Aubrey, a commenter on my last post, asked about Joseph and what ever happened to the "step"-father of Jesus? In answering this question, it became as long as another post, so I'll address it here. I'm not sure I'll have time to post everyday. (Gotta write a novel.) But I'll post as often as I can.
Okay Aubrey. Joseph had apparently passed away by the beginning of the Savior's ministry. We must assume this becuse no mention is made of him at the wedding at Cana, and also because he is never mentioned in any of the Gospels after the scene when the young Jesus was teaching in the Temple.
I suspect that Matthew or John would have possibly mentioned more details regarding Joseph in their gospels, but it is unknown whether certain "edits" were made in these texts to minimize any mention of the Savior's family. (Note that the Book of Mark is the most negative toward the family of Jesus. Mark is presumed to be the earliest Gospel and very pro-Gentile.) Starting in the second century, when the Apostacy was in full force and there were great power struggles in the Church, the Roman and "Gentile" churches made great efforts to undermine the importance of the Savior's family in Christian history. The reason for this was because the Church at Jeruslaem, as well as many offshoot Chrisitan sects, began to question the concept that Peter had inherited Preisthood authority. Many prefered to believe that authority belonged to James, the brother of the Lord. Gnostic texts go a long way to stress this point. This "claim" challenged the Church at Rome for authority, so I believe it was determined (in some secret or not-so-secret Gentile committee) to ignore or villify as much as possible the family of Jesus and their importance in the early Church. Because, keep in mind, after James' martyrdom, the Church at Jerusalem (Israel) became just as corrupt as everyone else. They continued to teach that a good Christian was also a good Jew, keeping all the rites and ordiances of the Law of Moses. Then, in the third century, we find them meeting with the "Pope" at Rome and asking that all Bishops who are not blood relatives of Jesus should be disenfrancised and kicked out of their positions and replaced with true "disponsyni" (or blood descendants of Jesus.) They also insisted that all tithing should be sent to Jerusalem again, as it was in the beginning. It's the same sin that caused a split in the early LDS Church--those who believed that the prophet could only be a blood relative of Joseph Smith. So by the second century they are all equally apostate. Nevertheless, this should not prevent us from properly honoring the family of Jesus in that time period shortly after His crucifixion, when they did extraordinary things in their efforts to build the Kingdom of God.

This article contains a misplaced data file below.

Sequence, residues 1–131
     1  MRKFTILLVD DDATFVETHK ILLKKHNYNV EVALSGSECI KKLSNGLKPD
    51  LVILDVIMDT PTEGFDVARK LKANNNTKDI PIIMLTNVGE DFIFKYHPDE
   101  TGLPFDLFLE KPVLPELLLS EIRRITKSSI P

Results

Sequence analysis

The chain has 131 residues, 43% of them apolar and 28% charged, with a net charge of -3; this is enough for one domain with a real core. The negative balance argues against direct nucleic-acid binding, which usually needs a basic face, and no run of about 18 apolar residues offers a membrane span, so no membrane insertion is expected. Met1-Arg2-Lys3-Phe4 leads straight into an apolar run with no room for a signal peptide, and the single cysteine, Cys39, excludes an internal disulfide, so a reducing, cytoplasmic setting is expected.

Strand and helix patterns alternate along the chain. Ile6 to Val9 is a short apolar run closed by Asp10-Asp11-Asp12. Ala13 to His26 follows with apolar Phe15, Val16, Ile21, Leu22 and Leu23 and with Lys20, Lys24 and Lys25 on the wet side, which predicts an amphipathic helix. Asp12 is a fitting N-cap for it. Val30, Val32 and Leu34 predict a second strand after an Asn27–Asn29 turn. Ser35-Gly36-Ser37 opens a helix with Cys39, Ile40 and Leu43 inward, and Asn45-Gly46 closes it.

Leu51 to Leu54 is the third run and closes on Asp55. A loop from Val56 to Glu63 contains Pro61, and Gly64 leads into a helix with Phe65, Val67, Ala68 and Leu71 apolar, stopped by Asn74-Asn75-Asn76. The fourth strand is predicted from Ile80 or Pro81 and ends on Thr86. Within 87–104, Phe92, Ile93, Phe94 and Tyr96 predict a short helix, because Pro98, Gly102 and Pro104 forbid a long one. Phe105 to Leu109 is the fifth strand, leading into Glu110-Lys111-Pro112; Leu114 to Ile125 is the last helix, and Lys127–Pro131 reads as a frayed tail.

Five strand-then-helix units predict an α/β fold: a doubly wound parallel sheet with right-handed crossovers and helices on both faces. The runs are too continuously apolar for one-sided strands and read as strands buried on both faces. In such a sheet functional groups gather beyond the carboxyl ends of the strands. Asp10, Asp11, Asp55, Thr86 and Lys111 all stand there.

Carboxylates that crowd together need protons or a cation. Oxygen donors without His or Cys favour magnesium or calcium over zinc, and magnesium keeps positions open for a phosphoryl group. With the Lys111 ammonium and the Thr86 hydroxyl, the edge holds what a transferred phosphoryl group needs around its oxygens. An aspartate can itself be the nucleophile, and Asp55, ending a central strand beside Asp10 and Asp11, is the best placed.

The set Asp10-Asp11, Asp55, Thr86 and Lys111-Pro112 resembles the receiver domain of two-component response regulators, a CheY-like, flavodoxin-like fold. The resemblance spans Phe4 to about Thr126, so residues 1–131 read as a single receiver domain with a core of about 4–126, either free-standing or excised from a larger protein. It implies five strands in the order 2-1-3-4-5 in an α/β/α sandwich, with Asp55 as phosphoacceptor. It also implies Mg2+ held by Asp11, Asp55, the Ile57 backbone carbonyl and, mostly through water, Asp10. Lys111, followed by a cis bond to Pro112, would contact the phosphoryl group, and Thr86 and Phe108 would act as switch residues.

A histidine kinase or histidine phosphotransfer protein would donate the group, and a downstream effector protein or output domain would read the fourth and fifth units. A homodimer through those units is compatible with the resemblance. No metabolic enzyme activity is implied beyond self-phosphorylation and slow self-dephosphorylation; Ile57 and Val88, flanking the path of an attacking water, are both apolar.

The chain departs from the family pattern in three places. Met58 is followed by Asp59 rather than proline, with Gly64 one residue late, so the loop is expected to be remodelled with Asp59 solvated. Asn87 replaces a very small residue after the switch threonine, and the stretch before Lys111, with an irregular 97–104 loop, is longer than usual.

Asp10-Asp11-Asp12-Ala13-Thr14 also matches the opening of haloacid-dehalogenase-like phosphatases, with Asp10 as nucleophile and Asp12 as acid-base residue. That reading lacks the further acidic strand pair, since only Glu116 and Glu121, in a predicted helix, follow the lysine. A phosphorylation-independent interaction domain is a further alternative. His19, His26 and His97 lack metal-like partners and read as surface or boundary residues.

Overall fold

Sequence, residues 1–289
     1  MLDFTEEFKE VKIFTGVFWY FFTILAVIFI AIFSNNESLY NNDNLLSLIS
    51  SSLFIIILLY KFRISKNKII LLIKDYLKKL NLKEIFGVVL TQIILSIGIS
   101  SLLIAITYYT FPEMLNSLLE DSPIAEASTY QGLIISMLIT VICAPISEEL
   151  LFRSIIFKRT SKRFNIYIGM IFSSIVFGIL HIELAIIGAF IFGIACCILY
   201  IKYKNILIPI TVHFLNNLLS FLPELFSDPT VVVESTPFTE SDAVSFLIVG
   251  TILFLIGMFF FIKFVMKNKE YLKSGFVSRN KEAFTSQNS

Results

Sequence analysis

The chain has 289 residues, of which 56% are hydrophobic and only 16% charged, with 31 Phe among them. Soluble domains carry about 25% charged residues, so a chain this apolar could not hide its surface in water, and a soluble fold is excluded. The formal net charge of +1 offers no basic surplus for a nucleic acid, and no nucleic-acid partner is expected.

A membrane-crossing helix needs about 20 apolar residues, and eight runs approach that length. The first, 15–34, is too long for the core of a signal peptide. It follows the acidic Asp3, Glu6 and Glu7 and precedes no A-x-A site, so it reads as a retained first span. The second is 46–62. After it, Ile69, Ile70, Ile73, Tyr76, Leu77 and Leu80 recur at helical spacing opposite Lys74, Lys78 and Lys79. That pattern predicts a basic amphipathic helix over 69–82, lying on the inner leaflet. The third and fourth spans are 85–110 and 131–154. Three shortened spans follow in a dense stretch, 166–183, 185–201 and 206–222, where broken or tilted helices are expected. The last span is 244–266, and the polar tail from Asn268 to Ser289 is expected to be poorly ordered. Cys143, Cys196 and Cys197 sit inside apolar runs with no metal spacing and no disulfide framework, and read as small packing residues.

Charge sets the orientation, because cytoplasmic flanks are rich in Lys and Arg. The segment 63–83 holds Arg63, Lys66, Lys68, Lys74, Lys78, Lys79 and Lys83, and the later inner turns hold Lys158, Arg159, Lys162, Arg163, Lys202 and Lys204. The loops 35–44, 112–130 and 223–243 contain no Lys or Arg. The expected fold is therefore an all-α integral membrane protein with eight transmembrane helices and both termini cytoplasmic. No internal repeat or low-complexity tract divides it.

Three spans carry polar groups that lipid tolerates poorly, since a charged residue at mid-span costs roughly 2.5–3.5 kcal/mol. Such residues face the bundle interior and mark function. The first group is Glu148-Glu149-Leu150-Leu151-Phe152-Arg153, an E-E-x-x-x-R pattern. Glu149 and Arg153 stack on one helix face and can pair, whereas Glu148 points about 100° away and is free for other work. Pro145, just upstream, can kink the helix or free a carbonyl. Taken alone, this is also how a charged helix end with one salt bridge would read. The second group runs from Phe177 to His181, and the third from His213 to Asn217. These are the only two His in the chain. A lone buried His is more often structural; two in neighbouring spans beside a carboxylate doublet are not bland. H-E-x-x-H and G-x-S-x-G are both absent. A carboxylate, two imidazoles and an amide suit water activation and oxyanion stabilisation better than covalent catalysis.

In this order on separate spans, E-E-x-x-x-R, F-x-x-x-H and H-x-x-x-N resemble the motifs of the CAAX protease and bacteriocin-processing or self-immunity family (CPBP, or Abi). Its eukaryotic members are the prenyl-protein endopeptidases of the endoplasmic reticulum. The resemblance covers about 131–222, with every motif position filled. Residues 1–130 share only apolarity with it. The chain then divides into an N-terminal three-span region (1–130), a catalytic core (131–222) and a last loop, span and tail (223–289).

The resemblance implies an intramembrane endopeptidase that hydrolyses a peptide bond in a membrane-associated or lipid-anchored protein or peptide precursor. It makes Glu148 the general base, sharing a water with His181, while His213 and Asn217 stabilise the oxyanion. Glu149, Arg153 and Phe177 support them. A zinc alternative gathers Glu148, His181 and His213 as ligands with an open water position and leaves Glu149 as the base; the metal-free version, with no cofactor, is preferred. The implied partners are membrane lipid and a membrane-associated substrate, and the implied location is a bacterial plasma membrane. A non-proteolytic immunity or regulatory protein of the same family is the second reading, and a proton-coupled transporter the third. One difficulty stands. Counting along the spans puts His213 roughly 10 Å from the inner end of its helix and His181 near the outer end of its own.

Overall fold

Sorry not to have provided any resources or footnotes. I can do so if requested, otherwise, they will be provided in the novel, "Thorns of Glory."
(c) Copyright 2009, Chris Heimerdinger